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Telephone Customer Service Reps
I am neither a US supremacist nor a fearful “we’ll lose our jobs if we don’t buy American-made products” minion. However, I am in full rant mode over poorly spoken English used by telephone customer service representatives.
I am a citizen of the world. Due to wonderful life full of experiences and the teachings of my religion, that is where my heart lies. “Brothers all are we…,” “we shall overcome…” and empowerment consciousness of the 1960’s, “Behold, how good and pleasant it is when brothers dwell in unity! It is like the precious oil on the head” as the Psalms teach us. Hey, as a child I listened in Sunday school and “Jesus loves the little children, all the children of the world” made perfect sense to me. God loves everybody; no exceptions, to paraphrase a popular bumper sticker. In addition, I have had the good fortune to travel to other countries. My first big trip, from Pennsylvania to England and Wales, changed me forever. During this trip I traveled with natives of the United Kingdom and with Europeans. In other words, I did not isolate myself within an insular gaggle of American tourists looking at sights. One of the many rewards of this vacation was that I gained a brother by a different mother. Chris H became a pen pal and phone buddy and then someone who visited my family in the USA and someone my family joined on vacation in Scotland. He is my bro.
Obviously, with this perspective, I become rather nauseous when I hear or read complaints about products made in, or services sent off-shore to, another country. Clothing made in Vietnam? Well, since we bombed the bleep outta them, couldn’t we support their recovery? Telephone computer tech assistance from India? Fine, as long as they know their stuff. My bottom line is that the service person should be competent and the product should be what I want. My American sisters and brothers are equal to my world sisters and brothers. Not less than, not better than.
So, we come to spoken English used by telephone customer service representatives. Do not make assumptions here. I am equally frustrated and annoyed by both fellow Americans and foreigners. Part of the competence for telephone assistance is the ability to communicate. Communicate in the language you indicate you know. These days Americans often can choose either English or Spanish as our choice for the language used to deal with a business representative. So, if a representative is allegedly able to speak a language, this employee, I believe, must be able to meet minimum standards for spoken fluency.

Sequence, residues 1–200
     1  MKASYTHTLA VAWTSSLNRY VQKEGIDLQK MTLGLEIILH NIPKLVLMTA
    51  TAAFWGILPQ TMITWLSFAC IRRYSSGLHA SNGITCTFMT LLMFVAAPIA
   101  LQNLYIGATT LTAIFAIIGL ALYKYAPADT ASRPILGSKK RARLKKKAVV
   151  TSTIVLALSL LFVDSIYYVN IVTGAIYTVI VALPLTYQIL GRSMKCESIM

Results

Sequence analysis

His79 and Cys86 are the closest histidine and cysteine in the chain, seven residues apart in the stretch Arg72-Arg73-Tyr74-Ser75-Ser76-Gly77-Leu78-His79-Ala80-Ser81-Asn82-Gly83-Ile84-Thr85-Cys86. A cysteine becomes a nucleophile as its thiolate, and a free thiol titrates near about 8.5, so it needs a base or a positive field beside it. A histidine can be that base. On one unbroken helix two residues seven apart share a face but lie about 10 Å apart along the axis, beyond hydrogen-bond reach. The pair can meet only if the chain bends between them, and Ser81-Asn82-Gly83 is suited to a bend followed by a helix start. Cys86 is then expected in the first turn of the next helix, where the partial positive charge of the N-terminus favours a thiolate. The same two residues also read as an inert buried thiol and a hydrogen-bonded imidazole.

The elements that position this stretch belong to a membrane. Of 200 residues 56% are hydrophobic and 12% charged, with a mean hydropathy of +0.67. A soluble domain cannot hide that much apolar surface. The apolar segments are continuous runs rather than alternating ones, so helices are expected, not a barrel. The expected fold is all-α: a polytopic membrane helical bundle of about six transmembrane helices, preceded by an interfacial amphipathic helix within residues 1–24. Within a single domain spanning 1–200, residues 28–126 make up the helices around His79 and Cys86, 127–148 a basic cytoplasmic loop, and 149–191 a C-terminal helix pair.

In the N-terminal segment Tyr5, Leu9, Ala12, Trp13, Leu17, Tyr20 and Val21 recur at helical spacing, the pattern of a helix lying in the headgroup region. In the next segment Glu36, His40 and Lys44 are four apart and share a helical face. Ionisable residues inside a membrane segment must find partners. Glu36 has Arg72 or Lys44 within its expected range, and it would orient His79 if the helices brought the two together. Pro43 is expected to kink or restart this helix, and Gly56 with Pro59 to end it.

Persons in other regions of the United States, England, Canada, and so forth must be aware of their own regional accents and able to overcome those in order to communicate with other English speakers. Today I had the frustrating experience of speaking with a rep from Texas (I am in the mid-Atlantic) who spoke about a cell. In her mind, she was saying “sales.” Also, she told me that she would be transferring my call to the people in the front. This made little sense to me. After having her repeat herself several times, I realized she thought she was saying “people in the frauds (department.)” For both the service reps in another country or my own, if I keep saying “I didn’t understand what you just said,” then shouldn’t the employee be seeking language refinement training? Or, shouldn’t their supervisors be requiring it? I know a speech therapist who markets her services to businesses in order to make their employees’ spoken English more easily understood by the masses. I think that is a good business practice.
My bottom line again is that I don’t care if you are a purple Martian, an Okie from Muskogee, or a Sri Lankan. If you are a telephone customer service representative who holds yourself out as someone who can talk to me, then BE ABLE TO TALK to me!
Copyright 2015 Maren E. Morgan